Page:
Q and A With David Ingordo on the HISA Horsemen's Advisory Group

David Ingordo | Keeneland photo


Monday, HISA announced four new members to its Horsemen's Advisory Group, replacing six outgoing members. The advisory group was formed in 2022 to provide feedback to HISA from the boots on the ground in the racing industry. It is comprised of 18 members, representing a variety of viewpoints across the industry. We sat down with outgoing member David Ingordo to talk about how the group operates and what the experience was like.

SF: Can you explain how members are chosen for this group? Is there a committee who picks them? Do they volunteer?

DI: There is a period during which you can send in a resume to fill a position on the advisory board on a volunteer basis, and there were a lot of resumes submitted. The resumes represent people from all over the spectrum–from a casual fan to multiple trainers of the level of Todd Pletcher. Once the resumes have been received, senior HISA management reviews those submissions and makes the selections on who ultimately serves on the Advisory Board. You won't be asked to be on the committee; you need to apply. If you are reading this and this is something that you are interested in, I encourage you to apply.

SF: Once people submit their resumes, I assume there's a selection process on the part of HISA? And I see that six people are leaving, and four are coming on. I'm assuming that it was determined that 18 was the right number.

DI: Correct, HISA senior management chooses from the pool of applicants. Quite honestly, it was a big board. There are people on it who are listeners and there are people who are doers. I think it just got to be a little bit cumbersome with the numbers. My understanding was that the idea was to tighten it up so as to not have too many cooks in the kitchen.

SF: Tell me what your experience was like being on the board. What would be a typical situation that arose and how did it operate? Do you have a vote on policy with HISA or HIWU?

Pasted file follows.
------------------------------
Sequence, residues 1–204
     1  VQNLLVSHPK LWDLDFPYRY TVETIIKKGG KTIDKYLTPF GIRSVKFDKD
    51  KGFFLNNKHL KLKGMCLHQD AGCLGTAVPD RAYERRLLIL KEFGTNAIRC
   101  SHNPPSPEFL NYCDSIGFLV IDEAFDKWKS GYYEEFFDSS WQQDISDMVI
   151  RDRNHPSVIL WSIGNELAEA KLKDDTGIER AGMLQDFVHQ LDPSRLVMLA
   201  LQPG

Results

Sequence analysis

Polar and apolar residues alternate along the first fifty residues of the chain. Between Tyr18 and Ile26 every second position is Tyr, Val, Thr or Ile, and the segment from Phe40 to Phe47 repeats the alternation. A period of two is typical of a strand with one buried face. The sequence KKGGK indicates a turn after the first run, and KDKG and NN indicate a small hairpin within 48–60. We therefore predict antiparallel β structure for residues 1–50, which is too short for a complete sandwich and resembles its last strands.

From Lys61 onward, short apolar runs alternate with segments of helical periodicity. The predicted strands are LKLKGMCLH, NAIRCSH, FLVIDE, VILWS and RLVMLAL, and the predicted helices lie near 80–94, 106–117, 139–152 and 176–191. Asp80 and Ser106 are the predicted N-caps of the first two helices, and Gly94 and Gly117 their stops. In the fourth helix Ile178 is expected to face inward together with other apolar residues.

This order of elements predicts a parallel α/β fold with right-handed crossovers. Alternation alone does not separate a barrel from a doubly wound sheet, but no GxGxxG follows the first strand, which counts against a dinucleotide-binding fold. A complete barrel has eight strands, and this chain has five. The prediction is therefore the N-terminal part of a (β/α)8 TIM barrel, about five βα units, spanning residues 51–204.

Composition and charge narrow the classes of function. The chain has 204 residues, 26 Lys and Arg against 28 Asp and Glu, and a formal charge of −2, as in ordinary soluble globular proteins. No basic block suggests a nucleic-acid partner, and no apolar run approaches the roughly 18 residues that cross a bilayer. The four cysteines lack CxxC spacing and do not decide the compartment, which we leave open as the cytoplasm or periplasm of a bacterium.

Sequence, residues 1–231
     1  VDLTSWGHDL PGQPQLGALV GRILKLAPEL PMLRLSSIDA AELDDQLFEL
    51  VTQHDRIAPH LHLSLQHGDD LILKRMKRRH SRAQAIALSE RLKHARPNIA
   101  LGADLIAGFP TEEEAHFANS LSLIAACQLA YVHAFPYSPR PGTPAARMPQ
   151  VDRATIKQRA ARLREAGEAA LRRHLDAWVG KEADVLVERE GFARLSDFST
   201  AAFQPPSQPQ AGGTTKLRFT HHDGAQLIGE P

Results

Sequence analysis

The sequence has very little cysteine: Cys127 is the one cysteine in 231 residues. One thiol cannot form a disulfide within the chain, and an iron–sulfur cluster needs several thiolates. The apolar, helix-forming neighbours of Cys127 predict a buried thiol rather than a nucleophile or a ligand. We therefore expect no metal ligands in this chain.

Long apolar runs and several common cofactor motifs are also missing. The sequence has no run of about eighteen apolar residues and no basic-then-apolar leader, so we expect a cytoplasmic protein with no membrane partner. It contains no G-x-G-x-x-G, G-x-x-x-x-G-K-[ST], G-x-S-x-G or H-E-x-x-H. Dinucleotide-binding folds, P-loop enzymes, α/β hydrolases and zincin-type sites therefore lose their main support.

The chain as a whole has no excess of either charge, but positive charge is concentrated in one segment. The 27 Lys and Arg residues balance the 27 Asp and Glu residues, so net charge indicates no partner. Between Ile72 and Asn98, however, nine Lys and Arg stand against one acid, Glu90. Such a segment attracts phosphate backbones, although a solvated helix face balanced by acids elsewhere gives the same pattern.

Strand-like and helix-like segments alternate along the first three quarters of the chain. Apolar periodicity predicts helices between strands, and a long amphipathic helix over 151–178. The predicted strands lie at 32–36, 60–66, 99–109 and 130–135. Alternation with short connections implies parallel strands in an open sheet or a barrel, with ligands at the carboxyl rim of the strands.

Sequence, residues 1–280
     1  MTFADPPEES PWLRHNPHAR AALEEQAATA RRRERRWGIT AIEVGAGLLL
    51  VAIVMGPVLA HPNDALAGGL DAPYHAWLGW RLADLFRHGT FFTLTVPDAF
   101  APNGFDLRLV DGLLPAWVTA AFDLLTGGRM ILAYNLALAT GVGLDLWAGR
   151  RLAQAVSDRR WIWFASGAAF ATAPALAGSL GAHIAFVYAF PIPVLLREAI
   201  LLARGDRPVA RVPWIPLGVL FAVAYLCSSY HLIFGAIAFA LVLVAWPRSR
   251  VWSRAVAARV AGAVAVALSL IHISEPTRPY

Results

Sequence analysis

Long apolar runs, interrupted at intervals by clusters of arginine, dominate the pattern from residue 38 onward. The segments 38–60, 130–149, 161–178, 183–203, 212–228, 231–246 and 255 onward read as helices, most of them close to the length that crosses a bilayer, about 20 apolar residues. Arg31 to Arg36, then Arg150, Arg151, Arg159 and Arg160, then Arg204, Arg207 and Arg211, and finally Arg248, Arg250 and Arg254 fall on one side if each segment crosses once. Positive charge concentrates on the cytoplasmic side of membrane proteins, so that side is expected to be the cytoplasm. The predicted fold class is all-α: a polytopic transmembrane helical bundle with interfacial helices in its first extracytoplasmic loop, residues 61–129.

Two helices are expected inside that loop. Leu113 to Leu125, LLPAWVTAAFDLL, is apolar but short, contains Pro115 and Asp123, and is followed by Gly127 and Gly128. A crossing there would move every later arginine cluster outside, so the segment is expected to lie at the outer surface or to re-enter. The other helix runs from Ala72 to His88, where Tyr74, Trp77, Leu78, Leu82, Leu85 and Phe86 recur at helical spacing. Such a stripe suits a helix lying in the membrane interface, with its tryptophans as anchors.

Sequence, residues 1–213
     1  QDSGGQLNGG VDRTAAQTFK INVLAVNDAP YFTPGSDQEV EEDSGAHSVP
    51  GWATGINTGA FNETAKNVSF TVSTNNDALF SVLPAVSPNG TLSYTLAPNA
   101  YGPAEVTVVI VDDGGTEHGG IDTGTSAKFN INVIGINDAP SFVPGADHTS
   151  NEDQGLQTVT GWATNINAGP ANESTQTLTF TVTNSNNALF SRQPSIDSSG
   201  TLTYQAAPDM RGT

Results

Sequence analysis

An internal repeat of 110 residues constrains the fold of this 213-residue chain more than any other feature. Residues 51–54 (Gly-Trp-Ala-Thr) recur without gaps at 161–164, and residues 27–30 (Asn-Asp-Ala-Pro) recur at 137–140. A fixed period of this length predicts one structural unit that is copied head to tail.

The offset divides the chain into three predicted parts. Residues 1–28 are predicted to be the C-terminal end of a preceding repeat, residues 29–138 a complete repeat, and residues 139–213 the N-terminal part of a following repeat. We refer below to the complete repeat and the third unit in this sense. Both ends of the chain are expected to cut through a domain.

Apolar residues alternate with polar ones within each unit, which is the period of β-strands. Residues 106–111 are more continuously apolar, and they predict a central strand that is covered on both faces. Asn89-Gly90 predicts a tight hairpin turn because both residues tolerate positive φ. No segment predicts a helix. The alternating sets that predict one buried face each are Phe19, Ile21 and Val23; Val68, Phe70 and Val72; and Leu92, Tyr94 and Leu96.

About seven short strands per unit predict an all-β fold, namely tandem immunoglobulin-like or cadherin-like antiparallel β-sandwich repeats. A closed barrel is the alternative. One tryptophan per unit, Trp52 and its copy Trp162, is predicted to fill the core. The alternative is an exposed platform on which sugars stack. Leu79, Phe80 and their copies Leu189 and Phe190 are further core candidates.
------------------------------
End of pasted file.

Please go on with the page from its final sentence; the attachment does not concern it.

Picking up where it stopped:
DI: First, we don't have a vote with either the safety committee or the ADMC. We are a collection of participants in the industry and advocates for horses and racing. We had regularly scheduled calls, usually monthly, and Lisa (Lazarus) would set an agenda. HISA and HIWU would participate, and we would give feedback. That was one scenario. The other scenario is that we address issues when there are, I'll call them industry emergencies. Louisiana being one of them recently. Lisa is a very open-minded person always seeking to understand industry issues, and she would ask questions about these issues to make informed policy recommendations.

SF: Can you give me an example of one issue that was resolved or changed because of input from the committee?

DI: There were several. One big change was delaying any provisional suspension of a trainer until a B sample came back in the case of a banned substance. In the beginning, you got a bad test for a banned substance, and you were right away provisionally suspended. Now that's been stopped until the B sample comes back. I thought that was a good change. Recently, we have been pushing for changes to substances like Metformin. It is important to understand that HISA and HIWU are two separate entities. Lisa will take our suggestions and go to work with HIWU. For example, there are now new rules on the treatment for human drugs of abuse like meth and cocaine. The Horsemen's Advisory Group recommendations have helped to reduce the sanctions that a trainer could receive. These are just a few changes that came from the HAG. There are more than that, but it gives you an idea that this is not a group just for show.

SF: If one of the members saw something that you thought was wrong, would they call for a meeting or ask for an emergency meeting?

DI: Definitely. If we saw something that we didn't like, we were able to bring it up. The very active members of the committee are advocating daily for change. I think it's important to know that people really work on this advisory group. A number of us are spending two to three to four hours a day working on issues that come up, and they come up daily. Anyone on the advisory board could bring something to Lisa and I found her to be very responsive. That was my experience and I believe others there felt that way as well.

Trust me, there are plenty of us that volunteered our opinions outside of the meetings. There are several of us that are vocal. Quite frankly, I'm surprised they allowed me to be on as long as I was! But kidding aside, this is not a group made up of yes men and women. It's made up of horse people who have strong opinions and personalities, who are educated and experienced that are willing to speak up.